OD&D loyalty & morale

In OD&D, when a retainer is hired, the referee secretly rolls 3d6 (adjusting for employer charisma) for the loyalty of that specific retainer, and records the result (this is in Men & Magic, page 13). Morale bonuses are then derived from this loyalty score, as follows:

Effects of Loyalty on Morale (OD&D)
Loyalty Morale
3 or less
Will desert at first opportunity
-2 on morale dice
-1 on morale dice
Average morale dice
+1 on morale dice
+2 on morale dice
19 and above
Need never check morale

This mechanic is, in terms of D&D at least, unique to the 3 LBBs as far as I know. Holmes does not seem to include rules for loyalty or morale, though the paragraph on charisma notes that it should affect retainers (just not how). Moldvay breaks this indirect relationship and just derives retainer morale directly from employer charisma.

What advantage might be gained by doing it the OD&D way? Well, being a 3d6 score gives loyalty a nice bell curve distribution. Most retainers are going to have average loyalty most of the time (adjusted for charisma, of course), but all retainers are going to have poor loyalty every once in a while. This doesn’t guarantee that they will seek other work, but it does affect the morale checks that happen until the next loyalty check. Speaking of which, when should loyalty be re-rolled?

Periodic re-checks of loyalty should be made. Length of service, rewards, etc. will bring additional plusses. Poor treatment will bring minuses.

Per adventure seems like a good starting point, but per session might be a bit too frequent. For the kind of game that I am running right now (G+ hangout, 3 hours per session, explore whatever you like), a re-roll per significant event might be more reasonable. Or maybe I’ll just leave the loyalty score as a constant once it is rolled, a sort of reliability and trustworthiness measure for the retainer in question. The actual morale system is also not clearly defined in the 3 LBBs. They suggest either using the negotiation reaction table on page 12 or the morale rules from Chainmail.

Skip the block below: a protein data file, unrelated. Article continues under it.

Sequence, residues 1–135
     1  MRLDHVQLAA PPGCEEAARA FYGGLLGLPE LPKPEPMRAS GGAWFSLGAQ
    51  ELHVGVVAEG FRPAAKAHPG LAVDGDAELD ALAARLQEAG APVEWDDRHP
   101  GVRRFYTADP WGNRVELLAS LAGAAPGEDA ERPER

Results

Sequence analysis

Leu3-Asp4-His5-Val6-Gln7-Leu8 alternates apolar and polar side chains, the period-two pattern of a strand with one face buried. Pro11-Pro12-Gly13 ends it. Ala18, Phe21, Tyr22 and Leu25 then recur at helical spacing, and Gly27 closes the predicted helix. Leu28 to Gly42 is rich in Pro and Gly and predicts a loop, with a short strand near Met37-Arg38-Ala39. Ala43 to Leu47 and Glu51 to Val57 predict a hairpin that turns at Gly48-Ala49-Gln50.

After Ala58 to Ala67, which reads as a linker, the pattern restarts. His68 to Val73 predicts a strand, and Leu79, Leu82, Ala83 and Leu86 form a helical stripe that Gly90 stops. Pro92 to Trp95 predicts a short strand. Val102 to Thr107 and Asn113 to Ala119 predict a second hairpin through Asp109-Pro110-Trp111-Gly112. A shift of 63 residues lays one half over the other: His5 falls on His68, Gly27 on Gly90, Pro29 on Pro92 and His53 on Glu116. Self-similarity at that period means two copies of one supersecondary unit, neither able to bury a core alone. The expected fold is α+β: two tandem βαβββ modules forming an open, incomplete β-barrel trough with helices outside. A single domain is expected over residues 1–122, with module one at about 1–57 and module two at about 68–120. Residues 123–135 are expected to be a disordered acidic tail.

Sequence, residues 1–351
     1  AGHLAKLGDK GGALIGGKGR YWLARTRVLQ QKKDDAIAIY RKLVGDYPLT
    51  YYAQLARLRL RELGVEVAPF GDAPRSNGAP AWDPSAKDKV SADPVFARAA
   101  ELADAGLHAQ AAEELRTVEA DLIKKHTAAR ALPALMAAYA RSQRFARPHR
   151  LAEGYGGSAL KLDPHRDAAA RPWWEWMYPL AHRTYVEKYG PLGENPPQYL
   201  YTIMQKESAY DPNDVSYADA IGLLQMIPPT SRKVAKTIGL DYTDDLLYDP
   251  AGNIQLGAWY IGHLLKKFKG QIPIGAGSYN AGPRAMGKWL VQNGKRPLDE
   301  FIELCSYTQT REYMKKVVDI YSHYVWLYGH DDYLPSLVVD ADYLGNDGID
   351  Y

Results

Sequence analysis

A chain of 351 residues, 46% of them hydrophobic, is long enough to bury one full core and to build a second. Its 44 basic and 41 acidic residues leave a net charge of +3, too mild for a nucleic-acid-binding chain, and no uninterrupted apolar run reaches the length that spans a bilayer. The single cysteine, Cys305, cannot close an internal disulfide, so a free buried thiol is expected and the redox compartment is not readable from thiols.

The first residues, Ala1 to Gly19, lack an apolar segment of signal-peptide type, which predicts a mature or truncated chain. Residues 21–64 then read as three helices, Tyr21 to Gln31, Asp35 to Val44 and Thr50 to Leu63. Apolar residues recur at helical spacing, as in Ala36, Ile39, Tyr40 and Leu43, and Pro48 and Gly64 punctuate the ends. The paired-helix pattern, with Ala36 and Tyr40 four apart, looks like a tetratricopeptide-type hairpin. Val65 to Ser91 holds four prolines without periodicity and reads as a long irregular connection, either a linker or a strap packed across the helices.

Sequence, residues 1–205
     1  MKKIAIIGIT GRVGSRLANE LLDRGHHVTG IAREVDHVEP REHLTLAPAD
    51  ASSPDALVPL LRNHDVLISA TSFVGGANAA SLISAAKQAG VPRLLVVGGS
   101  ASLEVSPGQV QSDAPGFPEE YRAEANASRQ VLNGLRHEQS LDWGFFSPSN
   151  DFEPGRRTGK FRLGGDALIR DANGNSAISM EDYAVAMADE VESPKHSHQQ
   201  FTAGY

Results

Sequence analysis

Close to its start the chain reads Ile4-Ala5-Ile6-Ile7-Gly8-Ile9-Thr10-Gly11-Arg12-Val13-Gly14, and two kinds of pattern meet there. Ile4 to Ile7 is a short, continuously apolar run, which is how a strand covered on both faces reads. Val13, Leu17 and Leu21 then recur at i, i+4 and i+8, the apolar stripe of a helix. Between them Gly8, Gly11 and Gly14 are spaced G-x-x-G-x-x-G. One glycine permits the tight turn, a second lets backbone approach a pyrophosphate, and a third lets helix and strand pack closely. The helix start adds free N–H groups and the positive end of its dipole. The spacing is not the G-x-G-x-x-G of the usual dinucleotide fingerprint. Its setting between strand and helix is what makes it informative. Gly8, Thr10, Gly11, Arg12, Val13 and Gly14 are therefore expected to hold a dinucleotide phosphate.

The rules in Chainmail don’t look very well suited for use with retainers. For one thing, they are based on the type of unit (heavy horse having the best morale and peasants having the worst). Also, morale checks are triggered by percentages of casualties taken. The 2d6 reaction/negotiation table from Men & Magic looks much more usable (something like: 3-5, flees/refuses; 6-8 follows orders; 9-12 obeys enthusiastically).

To compare, in Moldvay Basic retainer morale is derived directly from the employers charisma score. This would work out to be 7 + charisma modifier (which has a nice elegance to it, given that the expected value of 2d6 is 7), but this nice symmetry is ruined by the fact that the Moldvay charisma modifier only goes up to 2 in either direction! I never noticed that before.

Morale of Retainers (Moldvay)
Charisma Morale of Retainers